Referencing scripture throughout the Gospel According to St. John, it would appear that "Kolpos" is a word used to describe the location of the only begotten son, not just the intimate relationship between Jesus and God the Father. Obviously, being in the bosom of the Father, would indicate a nearness to the heart of God, but is there a deeper understanding than just proximity? Examining key scriptures, in the Gospel According to St. John will help us to dive deeper into this relationship/dwelling place.


"I and my Father are one." John 10:30 -emphasis added
"Believest thou not that I am in the Father, and the Father in me? the words that I speak unto you I speak not of myself: but the Father that dwelleth in me, he doeth the works. Believe me that I am in the Father, and the Father in me: or else believe me for the very works' sake." John 14:10-11-emphasis added

Jesus is in the bosom of the Father, which traditionally would indicate a proximity (near the chest) or even a relational closeness (as John 13:23 indicates when John lays his head in Jesus' bosom), the difference with Jesus, however, is that Jesus and the Father are one; Jesus is IN the Father, and the Father is IN Jesus. This would lead one to understand that Jesus, being in the bosom of the Father, indicates far more than a proximity (or nearness) in terms of physical space, or even relational, but is an identifying characteristic of our Messiah. To further expand on this defining characteristic of Christ, let's take a look at how Scripture defines the heart, to get a better understanding of the dwelling place of Jesus.


The Heart of Man

The heart is where all of our activities are planned (Proverbs 16:9); the heart is where our words come from - out of the abundance of the heart, the mouth speaks (Matthew 12:34) - and what comes out of our heart has the potential to defiles us (Matthew 15:11), because it is with our heart that we believe/serve (Romans 10:9, Matthew 6:24). One's belief in the heart, will manifest into a confession that is communicated through one's mouth; this external confession will save, or condemn, based on what one confesses to be truth. The heart of man is deceitful and wicked, and only God can search the heart (Jeremiah 17:9-10); thankfully, God himself, promised to give man a new heart, and a new spirit (Ezekiel 36:26); since Adam and Eve gave into temptation, man's heart has been poisoned by sin, since the fall in the Garden of Eden.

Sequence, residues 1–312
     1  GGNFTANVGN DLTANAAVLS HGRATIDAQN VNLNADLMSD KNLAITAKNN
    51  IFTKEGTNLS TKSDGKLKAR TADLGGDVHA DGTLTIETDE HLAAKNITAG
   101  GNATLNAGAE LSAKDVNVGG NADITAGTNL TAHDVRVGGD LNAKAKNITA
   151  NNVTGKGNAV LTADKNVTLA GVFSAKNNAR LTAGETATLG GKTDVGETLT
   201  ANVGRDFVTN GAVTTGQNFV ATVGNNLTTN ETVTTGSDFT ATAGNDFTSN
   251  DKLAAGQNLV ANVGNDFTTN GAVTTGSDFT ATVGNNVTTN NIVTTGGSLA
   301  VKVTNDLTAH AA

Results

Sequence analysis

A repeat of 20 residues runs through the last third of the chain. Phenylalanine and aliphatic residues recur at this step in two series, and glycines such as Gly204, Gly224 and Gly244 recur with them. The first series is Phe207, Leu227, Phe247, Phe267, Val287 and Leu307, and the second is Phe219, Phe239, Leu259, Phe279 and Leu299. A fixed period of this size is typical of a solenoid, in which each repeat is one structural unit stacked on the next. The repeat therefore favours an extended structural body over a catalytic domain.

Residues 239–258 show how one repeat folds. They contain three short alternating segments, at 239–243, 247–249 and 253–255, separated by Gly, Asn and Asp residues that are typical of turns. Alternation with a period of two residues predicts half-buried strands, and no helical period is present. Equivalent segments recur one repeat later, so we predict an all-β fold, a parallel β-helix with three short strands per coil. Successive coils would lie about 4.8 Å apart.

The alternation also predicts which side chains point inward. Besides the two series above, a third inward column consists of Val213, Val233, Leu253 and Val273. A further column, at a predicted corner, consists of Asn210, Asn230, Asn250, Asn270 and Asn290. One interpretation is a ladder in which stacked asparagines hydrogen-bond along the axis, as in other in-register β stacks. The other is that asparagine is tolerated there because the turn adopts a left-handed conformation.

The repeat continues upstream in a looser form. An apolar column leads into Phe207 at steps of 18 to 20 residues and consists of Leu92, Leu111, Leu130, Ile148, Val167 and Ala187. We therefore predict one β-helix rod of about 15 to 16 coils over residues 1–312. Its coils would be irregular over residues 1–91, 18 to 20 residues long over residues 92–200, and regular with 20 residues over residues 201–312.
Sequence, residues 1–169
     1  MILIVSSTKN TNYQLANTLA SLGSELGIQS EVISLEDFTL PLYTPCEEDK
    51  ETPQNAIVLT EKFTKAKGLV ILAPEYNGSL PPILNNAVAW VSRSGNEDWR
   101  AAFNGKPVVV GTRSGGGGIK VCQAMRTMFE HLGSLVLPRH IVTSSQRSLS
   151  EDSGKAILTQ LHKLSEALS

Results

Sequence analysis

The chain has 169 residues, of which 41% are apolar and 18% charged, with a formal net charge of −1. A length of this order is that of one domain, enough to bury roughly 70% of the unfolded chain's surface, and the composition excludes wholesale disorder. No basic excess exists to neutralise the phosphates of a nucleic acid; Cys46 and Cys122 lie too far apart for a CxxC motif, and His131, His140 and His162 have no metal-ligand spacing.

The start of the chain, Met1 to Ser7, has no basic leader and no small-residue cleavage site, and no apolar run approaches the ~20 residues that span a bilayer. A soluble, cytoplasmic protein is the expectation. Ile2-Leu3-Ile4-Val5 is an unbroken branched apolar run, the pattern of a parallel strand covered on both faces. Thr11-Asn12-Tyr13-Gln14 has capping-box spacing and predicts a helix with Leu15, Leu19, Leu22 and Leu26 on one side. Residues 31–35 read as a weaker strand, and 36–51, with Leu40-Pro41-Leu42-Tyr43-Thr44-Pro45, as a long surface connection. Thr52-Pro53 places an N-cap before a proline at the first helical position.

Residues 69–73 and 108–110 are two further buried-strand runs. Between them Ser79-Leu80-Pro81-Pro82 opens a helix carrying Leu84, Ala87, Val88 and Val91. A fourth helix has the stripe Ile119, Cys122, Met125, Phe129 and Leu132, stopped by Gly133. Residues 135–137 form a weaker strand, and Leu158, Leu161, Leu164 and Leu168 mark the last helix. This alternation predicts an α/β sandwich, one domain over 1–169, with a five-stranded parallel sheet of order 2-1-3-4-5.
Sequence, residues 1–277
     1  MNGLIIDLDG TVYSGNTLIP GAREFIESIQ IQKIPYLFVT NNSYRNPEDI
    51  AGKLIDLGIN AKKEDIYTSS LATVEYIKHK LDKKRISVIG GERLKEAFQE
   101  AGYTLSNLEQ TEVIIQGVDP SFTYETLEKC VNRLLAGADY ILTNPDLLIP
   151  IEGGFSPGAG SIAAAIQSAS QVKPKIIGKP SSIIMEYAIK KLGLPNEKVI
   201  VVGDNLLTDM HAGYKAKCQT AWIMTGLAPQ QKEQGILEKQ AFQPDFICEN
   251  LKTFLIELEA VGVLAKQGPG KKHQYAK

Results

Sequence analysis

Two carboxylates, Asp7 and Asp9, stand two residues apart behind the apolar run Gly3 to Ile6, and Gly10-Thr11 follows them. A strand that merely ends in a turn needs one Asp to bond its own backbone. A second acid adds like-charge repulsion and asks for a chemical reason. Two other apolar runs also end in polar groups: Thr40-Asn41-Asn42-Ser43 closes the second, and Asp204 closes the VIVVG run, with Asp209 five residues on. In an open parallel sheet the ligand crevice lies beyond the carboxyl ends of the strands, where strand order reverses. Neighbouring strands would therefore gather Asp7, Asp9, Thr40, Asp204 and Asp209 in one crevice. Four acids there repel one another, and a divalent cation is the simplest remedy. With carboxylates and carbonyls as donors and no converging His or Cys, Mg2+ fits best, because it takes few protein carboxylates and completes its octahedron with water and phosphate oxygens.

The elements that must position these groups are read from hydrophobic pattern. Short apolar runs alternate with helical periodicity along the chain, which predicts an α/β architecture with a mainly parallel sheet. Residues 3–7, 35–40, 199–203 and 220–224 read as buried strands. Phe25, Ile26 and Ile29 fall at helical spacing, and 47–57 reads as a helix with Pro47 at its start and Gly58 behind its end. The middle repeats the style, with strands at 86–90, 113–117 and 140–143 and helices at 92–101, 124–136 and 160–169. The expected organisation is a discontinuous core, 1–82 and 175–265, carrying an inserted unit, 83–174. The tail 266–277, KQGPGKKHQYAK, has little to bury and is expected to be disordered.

There is a parallel, a connection, a bridge, between the nature of the heart of man and the words that Jesus (the second man) speaks, which reflect the heart of God.


The Heart of God

Paralleling Matthew 12:34 and Proverbs 4:23, outlined above, Jesus says:

"For I have not spoken of myself; but the Father which sent me, he gave me a commandment, what I should say, and what I should speak. And I know that his commandment is life everlasting: whatsoever I speak therefore, even as the Father said unto me, so I speak." John 12:49-50
Then answered Jesus and said unto them, Verily, verily, I say unto you, The Son can do nothing of himself, but what he seeth the Father do: for what things soever he doeth, these also doeth the Son likewise. John 5:19 - emphasis added

The only words that Jesus speaks are the words of our Heavenly Father, and nothing of his own will (Jesus had to resist the temptation to speak from the flesh); the function of the heart, is such that, every spoken word, comes from the heart; the words that Jesus spoke, came from the very heart of God, because Jesus is in the Father, and the Father is in Him: Jesus is in the bosom of the Father. Jesus is the new heart given to man, referenced in Ezekiel 36:26; just as Jesus dwells in the heart of the Father, so does He dwell in the heart of the elect, by the washing of regeneration and renewal of the Holy Spirit. The dwelling place of Jesus is in the heart, which creates the confession of His Lordship. This is the foreshadowing that we see begin to unfold when the disciples first ask Jesus:


"Where dwellest thou?" John 1:38

I pray that you see the dwelling place of Jesus to be within your heart, that He is your confession, your rock, your Lord and Savior.


God bless,



Eleazar

STC Team

"He then brought them out and asked, "Sirs, what must I do to be saved?" They replied, "Believe in the Lord Jesus, and you will be saved..."